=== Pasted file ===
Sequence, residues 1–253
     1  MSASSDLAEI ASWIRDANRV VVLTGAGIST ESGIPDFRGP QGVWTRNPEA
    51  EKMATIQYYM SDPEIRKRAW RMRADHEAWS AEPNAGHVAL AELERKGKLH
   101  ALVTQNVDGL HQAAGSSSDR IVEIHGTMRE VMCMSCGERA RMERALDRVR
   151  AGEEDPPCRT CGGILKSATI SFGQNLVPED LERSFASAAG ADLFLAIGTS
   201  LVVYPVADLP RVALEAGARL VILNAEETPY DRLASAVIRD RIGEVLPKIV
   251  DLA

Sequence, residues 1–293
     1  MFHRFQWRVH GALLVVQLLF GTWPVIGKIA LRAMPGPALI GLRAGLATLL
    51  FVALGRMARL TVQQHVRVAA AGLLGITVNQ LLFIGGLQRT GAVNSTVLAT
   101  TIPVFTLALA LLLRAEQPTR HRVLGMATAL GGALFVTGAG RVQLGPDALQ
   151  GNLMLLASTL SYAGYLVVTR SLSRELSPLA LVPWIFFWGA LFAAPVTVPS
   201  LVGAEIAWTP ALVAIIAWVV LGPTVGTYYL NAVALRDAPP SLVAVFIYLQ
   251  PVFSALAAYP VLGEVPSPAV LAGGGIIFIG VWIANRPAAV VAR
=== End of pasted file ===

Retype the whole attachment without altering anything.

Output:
Sequence, residues 1–253
     1  MSASSDLAEI ASWIRDANRV VVLTGAGIST ESGIPDFRGP QGVWTRNPEA
    51  EKMATIQYYM SDPEIRKRAW RMRADHEAWS AEPNAGHVAL AELERKGKLH
   101  ALVTQNVDGL HQAAGSSSDR IVEIHGTMRE VMCMSCGERA RMERALDRVR
   151  AGEEDPPCRT CGGILKSATI SFGQNLVPED LERSFASAAG ADLFLAIGTS
   201  LVVYPVADLP RVALEAGARL VILNAEETPY DRLASAVIRD RIGEVLPKIV
   251  DLA

Sequence, residues 1–293
     1  MFHRFQWRVH GALLVVQLLF GTWPVIGKIA LRAMPGPALI GLRAGLATLL
    51  FVALGRMARL TVQQHVRVAA AGLLGITVNQ LLFIGGLQRT GAVNSTVLAT
   101  TIPVFTLALA LLLRAEQPTR HRVLGMATAL GGALFVTGAG RVQLGPDALQ
   151  GNLMLLASTL SYAGYLVVTR SLSRELSPLA LVPWIFFWGA LFAAPVTVPS
   201  LVGAEIAWTP ALVAIIAWVV LGPTVGTYYL NAVALRDAPP SLVAVFIYLQ
   251  PVFSALAAYP VLGEVPSPAV LAGGGIIFIG VWIANRPAAV VAR